‘To perform the edit operation, we sample the fine-tuned models with the prompt “[rare_tokens] edit_prompt” (e.g. “beikkpic two dogs in a restaurant” or “beikkpic a minion”).’
Though it is mystifying why two almost identical papers, in terms of their end functionality, should arrive from Google in the same week, there is, despite a huge number of similarities between the two initiatives, at least one clear difference between UniTune and Imagic – the latter uses ‘uncompressed’ natural language prompts to guide image-editing operations, whereas UniTune trains in unique DreamBooth style tokens.
Therefore, if you were editing with Imagic and wished to effect a transformation of this nature…
.. in Imagic, you’d input ‘the third person, sitting in the background, as a cute furry monster’.
The equivalent UniTune command would be ‘Guy at the back as [x]’, where x is whatever weird and unique word was bound to the fine-trained concept associated with the furry monster character.
Whereas a number of images are fed into either DreamBooth or Textual Inversion with the intent of creating a deepfake-style abstraction that can be commanded into many poses, both UniTune and Imagic instead feed a single image into the system – the original, pristine image.
This is similar to the way that many of the GAN-based editing tools of the last few years have operated – by converting an input image into latent codes in the GAN’s latent space and then addressing those codes and sending them to other parts of the latent space for modification (i.e. inputting a picture of a young dark-haired person and projecting it through latent codes associated with ‘old’ or ‘blonde’, etc.).
However, the results, in a diffusion model, and by this method, are quite startlingly accurate by comparison, and far less ambiguous:
The Fine-Tuning Process
The UniTune method essentially sends the original image through a diffusion model with a set of instructions on how it should be modified, using the vast repositories of available data trained into the model. In effect, you can do this right now with Stable Diffusion’s img2img functionality – but not without warping or in some way changing the parts of the image that you would prefer to keep.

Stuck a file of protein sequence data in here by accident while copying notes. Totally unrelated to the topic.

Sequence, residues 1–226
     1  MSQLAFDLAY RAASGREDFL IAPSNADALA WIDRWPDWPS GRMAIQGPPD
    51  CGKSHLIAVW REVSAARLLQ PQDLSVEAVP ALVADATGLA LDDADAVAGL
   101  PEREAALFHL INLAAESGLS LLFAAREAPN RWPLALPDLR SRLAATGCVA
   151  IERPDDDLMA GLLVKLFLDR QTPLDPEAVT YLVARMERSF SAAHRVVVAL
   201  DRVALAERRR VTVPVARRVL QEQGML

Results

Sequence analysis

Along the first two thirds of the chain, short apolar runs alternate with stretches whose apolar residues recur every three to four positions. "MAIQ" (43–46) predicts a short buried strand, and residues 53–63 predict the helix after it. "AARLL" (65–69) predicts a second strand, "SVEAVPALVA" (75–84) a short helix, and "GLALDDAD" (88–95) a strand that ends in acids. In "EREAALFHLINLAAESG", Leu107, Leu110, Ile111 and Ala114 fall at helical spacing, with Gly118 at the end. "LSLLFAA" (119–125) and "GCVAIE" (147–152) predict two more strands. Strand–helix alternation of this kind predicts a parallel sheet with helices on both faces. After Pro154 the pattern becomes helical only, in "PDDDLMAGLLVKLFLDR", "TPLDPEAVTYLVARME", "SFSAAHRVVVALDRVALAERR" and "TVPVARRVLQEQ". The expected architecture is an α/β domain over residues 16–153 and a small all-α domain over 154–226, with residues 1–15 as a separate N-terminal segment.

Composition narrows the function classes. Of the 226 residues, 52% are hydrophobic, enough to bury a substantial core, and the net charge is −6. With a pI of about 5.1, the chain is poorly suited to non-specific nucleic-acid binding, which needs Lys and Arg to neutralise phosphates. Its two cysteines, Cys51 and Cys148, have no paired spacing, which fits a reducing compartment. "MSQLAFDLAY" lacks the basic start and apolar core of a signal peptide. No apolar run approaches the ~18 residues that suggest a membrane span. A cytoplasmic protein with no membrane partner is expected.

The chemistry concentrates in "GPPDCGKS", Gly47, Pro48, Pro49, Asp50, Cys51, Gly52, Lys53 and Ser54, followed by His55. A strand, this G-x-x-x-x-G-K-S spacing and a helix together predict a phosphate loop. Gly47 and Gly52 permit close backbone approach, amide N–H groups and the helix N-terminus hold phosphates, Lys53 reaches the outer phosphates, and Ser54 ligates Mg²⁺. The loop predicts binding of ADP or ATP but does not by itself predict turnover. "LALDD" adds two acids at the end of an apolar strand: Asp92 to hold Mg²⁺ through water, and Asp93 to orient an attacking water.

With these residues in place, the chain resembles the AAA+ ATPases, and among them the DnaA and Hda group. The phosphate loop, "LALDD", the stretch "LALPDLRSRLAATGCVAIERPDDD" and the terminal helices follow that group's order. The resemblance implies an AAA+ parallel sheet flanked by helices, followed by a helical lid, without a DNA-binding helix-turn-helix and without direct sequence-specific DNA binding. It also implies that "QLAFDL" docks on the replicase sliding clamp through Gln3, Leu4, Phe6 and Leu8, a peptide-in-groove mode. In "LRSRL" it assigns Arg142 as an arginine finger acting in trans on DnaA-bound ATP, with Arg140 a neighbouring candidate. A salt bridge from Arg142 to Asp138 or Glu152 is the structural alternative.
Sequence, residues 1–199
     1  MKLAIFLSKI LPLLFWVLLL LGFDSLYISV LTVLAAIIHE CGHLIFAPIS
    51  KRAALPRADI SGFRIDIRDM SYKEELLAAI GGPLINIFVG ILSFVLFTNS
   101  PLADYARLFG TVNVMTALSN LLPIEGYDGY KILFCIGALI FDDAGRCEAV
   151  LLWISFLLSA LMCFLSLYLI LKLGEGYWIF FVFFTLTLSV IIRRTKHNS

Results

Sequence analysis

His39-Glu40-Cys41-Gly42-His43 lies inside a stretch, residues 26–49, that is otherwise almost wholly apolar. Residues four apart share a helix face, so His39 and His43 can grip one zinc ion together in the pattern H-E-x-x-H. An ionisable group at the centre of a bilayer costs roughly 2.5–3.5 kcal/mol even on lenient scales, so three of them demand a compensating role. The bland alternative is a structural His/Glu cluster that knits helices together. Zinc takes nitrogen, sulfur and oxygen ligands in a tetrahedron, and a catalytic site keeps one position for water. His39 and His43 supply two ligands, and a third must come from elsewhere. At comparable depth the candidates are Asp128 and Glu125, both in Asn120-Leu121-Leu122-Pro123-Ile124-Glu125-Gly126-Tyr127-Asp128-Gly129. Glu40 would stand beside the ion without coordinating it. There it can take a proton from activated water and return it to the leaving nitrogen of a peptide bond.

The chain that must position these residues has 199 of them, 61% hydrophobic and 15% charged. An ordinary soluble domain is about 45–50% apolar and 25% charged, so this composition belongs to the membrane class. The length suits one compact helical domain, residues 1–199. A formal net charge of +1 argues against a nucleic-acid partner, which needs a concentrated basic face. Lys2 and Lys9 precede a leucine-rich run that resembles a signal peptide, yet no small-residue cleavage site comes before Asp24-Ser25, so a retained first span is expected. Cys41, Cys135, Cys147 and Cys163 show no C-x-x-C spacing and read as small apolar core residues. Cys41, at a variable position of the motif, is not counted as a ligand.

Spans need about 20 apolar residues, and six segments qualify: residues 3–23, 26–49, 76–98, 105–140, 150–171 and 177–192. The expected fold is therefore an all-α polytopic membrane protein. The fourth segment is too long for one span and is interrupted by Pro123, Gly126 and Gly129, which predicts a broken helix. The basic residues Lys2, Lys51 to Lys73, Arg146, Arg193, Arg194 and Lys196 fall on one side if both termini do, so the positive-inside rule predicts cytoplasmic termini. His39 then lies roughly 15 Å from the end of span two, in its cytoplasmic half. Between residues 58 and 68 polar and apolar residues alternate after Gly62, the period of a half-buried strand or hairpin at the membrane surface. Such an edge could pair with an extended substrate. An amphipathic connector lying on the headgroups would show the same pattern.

During the UniTune process, the system is fine-tuned, which is to say that UniTune forces the model to resume training, with most of its layers unfrozen (see below). In most cases, fine-tuning will tank the overall general loss values of a hard-won high-performing model in favor of injecting or refining some other aspect that is desired to be created or enhanced.
However, with UniTune it seems that the model copy that’s acted on, though it may weigh several gigabytes or more, will be treated as a disposable collateral ‘husk’, and discarded at the end of the process, having served a single aim. This kind of casual data tonnage is becoming an everyday storage crisis for DreamBooth fans, whose own models, even when pruned, are no less than 2GB per subject.
As with Imagic, the main tuning in UniTune occurs at the lower two of the three layers in Imagen (base 64px, 64px>256px, and 256px>1024px). Unlike Imagic, the researchers see some potential value in optimizing the tuning also for this last and largest super-resolution layer (though they have not attempted it yet).
For the lowest 64px layer, the model is biased towards the base image during training, with multiple duplicate pairs of image/text fed into the system for 128 iterations at a batch size of 4, and with Adafactor as the loss function, operating at a learning rate of 0.0001. Though the T5 encoder alone is frozen during this fine-tuning, it is also frozen during primary training of Imagen